Pension benefits for hundreds of thousands of state workers would be reduced 25% to 40% under two proposals that have become the focal points for what could become a costly and bruising ballot fight over retirement funding.
In a new financial analysis estimating the cutbacks, the nonprofit California Foundation for Fiscal Responsibility warned that rising costs of public employee pensions and retiree healthcare could overwhelm the ability of taxpayers to fund many basic health, welfare and public safety services.
"Public employees are getting far more benefits than those in the private sector," said Marcia Fritz, the foundation's president, adding that voters are "fed up."
"The upshot," she said, "is going to be a huge fight" — an initiative contest that will be followed closely nationwide.
According to the study, to be released Thursday, California's five biggest pension funds are in precarious financial conditions. Last year, they had only enough money to cover 61% to 74% of their obligations to current employees.
Without a significant scaling back, "public employer obligations for retirement benefits will rise sharply over the next decade, further squeezing government budgets that are already facing enormous pressures," the study said.
The proposals, the primary efforts statewide to curtail public pension benefits, have prompted labor unions to dispatch so-called truth squads to the state Capitol this week to debunk warnings that the cost of public pensions would saddle future California generations with billions of dollars in debt.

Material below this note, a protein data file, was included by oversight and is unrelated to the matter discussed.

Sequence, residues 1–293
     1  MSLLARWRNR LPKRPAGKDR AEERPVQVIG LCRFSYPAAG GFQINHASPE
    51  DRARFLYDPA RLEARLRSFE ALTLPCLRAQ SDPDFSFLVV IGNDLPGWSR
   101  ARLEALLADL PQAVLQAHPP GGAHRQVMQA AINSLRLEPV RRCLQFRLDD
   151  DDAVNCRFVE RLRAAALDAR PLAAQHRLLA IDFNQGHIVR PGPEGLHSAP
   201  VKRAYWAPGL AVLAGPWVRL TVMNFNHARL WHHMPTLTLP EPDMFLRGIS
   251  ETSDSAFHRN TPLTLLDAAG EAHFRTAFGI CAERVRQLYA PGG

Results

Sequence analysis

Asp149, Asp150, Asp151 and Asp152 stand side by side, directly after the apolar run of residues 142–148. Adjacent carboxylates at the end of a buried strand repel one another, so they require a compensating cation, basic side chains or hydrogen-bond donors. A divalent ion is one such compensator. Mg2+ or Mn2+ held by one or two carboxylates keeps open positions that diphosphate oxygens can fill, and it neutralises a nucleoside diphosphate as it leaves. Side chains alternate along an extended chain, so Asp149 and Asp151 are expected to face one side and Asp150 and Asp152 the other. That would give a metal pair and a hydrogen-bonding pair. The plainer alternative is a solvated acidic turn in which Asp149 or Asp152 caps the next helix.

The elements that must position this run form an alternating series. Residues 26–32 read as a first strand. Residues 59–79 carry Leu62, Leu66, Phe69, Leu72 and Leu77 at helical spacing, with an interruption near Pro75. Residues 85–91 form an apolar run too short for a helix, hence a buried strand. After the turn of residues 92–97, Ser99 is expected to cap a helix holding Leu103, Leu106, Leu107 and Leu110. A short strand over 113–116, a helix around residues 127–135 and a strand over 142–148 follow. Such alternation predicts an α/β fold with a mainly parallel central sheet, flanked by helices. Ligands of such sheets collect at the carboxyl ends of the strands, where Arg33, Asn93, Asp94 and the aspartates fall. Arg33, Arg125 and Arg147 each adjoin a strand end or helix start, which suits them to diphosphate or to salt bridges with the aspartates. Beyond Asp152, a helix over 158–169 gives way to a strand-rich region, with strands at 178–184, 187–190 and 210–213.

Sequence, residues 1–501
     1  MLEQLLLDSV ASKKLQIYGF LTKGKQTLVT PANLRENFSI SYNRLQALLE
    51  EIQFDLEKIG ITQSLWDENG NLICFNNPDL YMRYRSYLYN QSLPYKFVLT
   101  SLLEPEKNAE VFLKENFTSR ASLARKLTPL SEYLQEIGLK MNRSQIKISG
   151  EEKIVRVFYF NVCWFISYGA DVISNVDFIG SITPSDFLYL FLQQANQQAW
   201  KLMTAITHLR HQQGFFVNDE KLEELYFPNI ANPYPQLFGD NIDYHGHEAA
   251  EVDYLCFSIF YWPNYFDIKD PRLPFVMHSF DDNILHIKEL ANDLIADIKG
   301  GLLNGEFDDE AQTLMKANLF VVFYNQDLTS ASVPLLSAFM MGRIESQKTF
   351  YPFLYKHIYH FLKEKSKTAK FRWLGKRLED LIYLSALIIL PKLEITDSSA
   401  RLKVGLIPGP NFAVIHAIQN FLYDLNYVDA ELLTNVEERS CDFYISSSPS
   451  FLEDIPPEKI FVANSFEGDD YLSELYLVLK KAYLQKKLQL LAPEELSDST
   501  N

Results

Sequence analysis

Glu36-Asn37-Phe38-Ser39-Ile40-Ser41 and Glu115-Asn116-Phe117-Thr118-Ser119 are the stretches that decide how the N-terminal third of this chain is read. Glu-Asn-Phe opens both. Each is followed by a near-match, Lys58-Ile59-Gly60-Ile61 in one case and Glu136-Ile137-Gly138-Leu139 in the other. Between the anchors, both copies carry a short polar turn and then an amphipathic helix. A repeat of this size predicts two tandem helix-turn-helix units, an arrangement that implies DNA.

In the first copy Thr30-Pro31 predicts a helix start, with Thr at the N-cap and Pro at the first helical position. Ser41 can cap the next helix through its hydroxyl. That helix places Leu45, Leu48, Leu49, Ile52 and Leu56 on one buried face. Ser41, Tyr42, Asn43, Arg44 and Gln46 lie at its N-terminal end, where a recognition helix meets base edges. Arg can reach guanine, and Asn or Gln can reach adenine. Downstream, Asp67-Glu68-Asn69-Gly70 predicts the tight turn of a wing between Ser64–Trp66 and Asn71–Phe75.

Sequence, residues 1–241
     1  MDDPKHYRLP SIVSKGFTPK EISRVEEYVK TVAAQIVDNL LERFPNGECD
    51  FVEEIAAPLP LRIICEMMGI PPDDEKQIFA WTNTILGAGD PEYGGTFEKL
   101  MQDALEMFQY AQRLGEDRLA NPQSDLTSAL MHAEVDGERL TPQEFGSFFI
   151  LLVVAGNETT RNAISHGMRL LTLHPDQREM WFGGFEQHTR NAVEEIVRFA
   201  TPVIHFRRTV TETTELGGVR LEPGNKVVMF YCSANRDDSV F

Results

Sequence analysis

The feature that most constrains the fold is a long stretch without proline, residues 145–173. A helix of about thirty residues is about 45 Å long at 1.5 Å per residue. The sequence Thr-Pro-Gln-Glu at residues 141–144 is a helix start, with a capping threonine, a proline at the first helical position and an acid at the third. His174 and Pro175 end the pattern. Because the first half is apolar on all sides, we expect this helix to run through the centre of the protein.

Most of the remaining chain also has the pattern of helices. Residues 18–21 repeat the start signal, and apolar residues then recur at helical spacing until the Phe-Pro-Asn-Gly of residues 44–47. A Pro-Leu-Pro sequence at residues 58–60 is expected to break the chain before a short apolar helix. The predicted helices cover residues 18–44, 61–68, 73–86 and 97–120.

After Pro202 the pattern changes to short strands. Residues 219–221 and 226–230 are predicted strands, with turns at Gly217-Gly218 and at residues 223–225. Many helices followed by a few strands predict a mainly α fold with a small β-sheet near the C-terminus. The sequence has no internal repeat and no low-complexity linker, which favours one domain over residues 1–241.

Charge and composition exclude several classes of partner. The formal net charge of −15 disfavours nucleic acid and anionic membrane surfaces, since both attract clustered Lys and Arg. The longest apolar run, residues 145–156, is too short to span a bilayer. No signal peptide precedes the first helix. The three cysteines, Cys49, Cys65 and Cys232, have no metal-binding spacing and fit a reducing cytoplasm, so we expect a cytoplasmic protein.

Teachers, police officers and retirees are telling lawmakers that state workers already have made pension reduction concessions and get only modest benefits.
Critics of public pensions "selectively draw attention to headlines about the few sensational cases of abuse," said Martha Penry, a special education teacher in Sacramento. "They continue to spread myths and falsehoods about public employee pensions."
The foundation's research focused on proposals that would reduce payouts by about 40% for workers currently on the state payroll and by one-fourth for people hired after 2011.